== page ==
Our Being Planful podcast has become a great forum for conversations about the people, processes, and purpose of finance, accounting, and FP&A. If you haven’t checked it out yet, you can scan our growing list of episodes here and subscribe using your podcast app of choice.
On a recent episode (listen here), I was joined by Paul Barnhurst to talk about the outsized influence Finance and Accounting can have on an organization when they take the time to get out into the business. For background, Paul graduated college and joined the Navy as a procurement analyst. He then went back to school, gaining a Master of Science in Information Management and an MBA, which he put to work as an FP&A manager at American Express. After nearly a decade, he moved to Solera, a provider of data, applications, and services for the insurance and automotive industries.
Paul is an outspoken FP&A leader, especially across social media. He’s known as #TheFPandAGuy on LinkedIn and consistently engages his more than 5,400 followers with thoughts on FP&A, careers, technology, and other topics. At Solera, which Paul left after this episode was recorded, he owned full P&L responsibility for sales, revenue account management, operations, and more.
Here are a few highlights of this episode.
Diving Into the Business
Paul’s journey at Solera has had its share of twists and turns. The company completed nearly 60 acquisitions in 10 years and installed a new CFO just before Paul joined. He then spent some time on technology projects that were later shelved and saw the company’s CEO get ousted. It was a bit chaotic, and with so many prior acquisitions, the company had a real opportunity to bring some calm simply by streamlining processes and systems across the entire company. So Paul got to work.
“Over the last 18 months, we’ve overhauled inside sales, standardized a lot of our operations, and just doing what you normally see in an operational business,” explained Paul. “With that, I’ve had the opportunity to get heavily involved in sales and sales operations, helping design commission plans, working with the head of Sales, helping with go-to-market, product, and pricing. So beyond just your typical FP&A.”
One interesting area Paul dived into was sales commissions and incentive modeling. It’s interesting for businesses to understand not only the fiscal impacts of sales commissions, but if and how they materially drive business outcomes.
“Working with the salespeople I learned a ton about the importance of incentives, how salespeople work, and that it’s so much more than just a finance exercise,” Paul explained. “There are some people that just look at a sales plan and say, ‘What’s the right rate to pay? Let’s minimize our risk and put in some kind of cap. Let’s do quota ratcheting and be done with it.’ But working with Sales really helped me see that it’s the blueprint for the salesperson. You give them a plan and they look at it and go, ‘Okay, I need to do this if I wanna earn this.”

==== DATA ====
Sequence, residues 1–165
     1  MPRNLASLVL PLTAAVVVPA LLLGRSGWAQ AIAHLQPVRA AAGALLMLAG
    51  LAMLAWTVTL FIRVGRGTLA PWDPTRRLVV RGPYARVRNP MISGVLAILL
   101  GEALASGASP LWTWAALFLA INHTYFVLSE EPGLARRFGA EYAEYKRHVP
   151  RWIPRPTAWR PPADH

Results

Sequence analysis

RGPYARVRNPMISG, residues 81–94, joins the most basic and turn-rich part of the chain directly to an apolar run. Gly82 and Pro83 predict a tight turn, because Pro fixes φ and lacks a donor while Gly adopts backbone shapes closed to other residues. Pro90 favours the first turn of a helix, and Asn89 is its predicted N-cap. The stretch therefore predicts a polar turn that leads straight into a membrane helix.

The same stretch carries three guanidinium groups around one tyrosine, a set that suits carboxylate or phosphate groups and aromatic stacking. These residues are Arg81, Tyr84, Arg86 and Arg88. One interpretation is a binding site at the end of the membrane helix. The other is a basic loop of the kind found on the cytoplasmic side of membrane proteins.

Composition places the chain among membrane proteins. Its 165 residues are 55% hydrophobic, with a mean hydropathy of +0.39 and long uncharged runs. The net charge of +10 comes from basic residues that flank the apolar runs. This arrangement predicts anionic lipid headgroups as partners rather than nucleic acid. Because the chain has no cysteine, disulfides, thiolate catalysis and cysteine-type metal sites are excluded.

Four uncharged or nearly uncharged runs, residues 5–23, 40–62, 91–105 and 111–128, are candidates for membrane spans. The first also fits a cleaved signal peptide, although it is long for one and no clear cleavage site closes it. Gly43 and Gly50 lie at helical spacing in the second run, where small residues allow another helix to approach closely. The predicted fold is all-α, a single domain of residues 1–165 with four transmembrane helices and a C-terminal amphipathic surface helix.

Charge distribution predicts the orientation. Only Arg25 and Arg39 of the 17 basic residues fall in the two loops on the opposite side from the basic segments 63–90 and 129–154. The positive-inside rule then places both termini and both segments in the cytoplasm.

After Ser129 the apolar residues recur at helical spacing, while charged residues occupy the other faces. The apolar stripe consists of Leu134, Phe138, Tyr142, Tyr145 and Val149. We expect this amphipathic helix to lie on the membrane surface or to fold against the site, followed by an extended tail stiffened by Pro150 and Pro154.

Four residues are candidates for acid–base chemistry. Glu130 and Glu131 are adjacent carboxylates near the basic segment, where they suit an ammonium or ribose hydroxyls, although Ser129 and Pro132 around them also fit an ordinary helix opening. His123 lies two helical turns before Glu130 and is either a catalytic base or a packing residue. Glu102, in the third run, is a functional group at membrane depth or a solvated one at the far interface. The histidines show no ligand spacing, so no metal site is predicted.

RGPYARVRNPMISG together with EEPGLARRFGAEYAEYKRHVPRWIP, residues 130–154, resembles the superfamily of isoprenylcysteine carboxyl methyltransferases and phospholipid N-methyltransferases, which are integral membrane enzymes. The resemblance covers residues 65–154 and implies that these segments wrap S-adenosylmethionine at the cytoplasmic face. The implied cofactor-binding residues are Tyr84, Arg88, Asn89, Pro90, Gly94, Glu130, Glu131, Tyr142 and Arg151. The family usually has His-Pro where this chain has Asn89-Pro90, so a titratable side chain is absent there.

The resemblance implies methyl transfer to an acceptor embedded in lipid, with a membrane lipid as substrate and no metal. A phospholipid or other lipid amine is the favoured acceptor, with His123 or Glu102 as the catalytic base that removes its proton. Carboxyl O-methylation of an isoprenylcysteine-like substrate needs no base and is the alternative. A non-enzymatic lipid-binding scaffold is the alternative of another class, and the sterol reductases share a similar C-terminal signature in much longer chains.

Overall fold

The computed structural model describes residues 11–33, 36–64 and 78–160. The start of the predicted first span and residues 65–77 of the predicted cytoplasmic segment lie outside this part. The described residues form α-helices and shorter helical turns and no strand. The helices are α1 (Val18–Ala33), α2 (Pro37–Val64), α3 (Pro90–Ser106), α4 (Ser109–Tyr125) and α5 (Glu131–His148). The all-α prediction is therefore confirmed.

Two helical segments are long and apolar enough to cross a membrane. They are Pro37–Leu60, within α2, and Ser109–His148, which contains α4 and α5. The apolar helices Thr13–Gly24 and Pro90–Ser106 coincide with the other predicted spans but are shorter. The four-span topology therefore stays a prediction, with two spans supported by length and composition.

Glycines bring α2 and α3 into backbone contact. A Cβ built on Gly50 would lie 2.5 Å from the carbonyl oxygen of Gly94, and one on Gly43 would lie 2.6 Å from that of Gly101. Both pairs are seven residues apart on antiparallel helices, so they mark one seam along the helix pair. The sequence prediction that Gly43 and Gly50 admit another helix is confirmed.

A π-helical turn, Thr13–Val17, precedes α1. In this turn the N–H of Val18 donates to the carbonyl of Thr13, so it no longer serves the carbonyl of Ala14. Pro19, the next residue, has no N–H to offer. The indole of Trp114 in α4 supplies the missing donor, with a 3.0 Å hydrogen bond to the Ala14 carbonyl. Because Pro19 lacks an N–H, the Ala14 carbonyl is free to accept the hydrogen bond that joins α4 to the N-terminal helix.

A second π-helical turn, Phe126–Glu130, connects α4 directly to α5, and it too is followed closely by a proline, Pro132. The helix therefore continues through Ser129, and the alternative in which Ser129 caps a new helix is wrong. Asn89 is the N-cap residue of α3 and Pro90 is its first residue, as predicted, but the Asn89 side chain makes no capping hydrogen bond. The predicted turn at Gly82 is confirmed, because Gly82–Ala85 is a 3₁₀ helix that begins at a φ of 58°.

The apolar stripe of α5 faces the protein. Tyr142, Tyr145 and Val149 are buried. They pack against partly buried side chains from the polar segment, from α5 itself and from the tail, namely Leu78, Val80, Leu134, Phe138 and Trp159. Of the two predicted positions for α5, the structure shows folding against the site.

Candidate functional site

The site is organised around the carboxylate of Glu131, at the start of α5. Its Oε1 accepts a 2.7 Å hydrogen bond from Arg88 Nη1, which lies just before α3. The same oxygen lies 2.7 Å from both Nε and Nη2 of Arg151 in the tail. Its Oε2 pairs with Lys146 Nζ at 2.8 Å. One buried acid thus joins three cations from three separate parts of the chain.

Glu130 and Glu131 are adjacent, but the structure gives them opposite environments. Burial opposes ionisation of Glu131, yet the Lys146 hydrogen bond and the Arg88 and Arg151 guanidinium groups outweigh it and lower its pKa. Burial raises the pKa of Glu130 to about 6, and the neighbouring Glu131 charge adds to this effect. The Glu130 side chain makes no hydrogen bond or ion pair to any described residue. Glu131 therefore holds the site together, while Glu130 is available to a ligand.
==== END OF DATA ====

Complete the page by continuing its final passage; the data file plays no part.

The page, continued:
The Agility to Change
Getting out of FP&A and into the business gave Paul real insights into how different stakeholders approach commissions and incentives. Those views changed as Paul moved from reorganizing Inside Sales to working with Outside Sales, and changed again as a new VP of Sales came in with new ideas. But being the FP&A steward, Paul had to bring it all together with what’s best for the business. That became more complex as new products and changing incentive plans forced constant remodeling.
“They’ll ask me to model different things and we’ll see what we think makes sense, but ultimately, the business owns it,” said Paul. “As long as I’m okay from an expense side, I’ll sign off even though sometimes I’ll express why I have some concerns. But we come together and make the decision we think is best for the business.”
Partnering with the business to make these types of granular decisions helps FP&A explain the financial considerations while the business adds in the people, competitive, territory, and other aspects. Of course, there are always changes, new revelations, and improvements, even when you’re working together.
“We do the models, take it to the CFO, get everybody’s approval,” added Paul. “As soon as we put them in place, of course, they brought up a few things and want to make a few tweaks or bring up things we didn’t think about.”
But having built those relationships drives agility and flexibility, giving both sides the resilience to quickly understand the need, make changes, and move forward. Along the way, Paul is not only increasing the value FP&A delivers to the business, but he’s also increasing everyone’s financial IQ. That can’t be done over email or without side-by-side collaboration, and Paul’s a master at it.
Subscribe to Being Planful
To hear more insights from Paul and learn how he built bridges to Sales, worked with HR to streamline compensation programs, and more, listen to this episode of Being Planful.
This podcast series explores the benefits of adopting a “Planful” mindset by inviting your FP&A, finance, and accounting peers, analysts, industry experts, and more to share their experiences and insights. To subscribe, click on your podcast platform of choice (Apple Podcasts, Google Podcasts, Stitcher, or Spotify), or just search for “Planful” wherever you listen. We release new episodes often, so be sure to subscribe. And, if you have any comments, questions, or think you’d make a great guest, send me an email at firstname.lastname@example.org.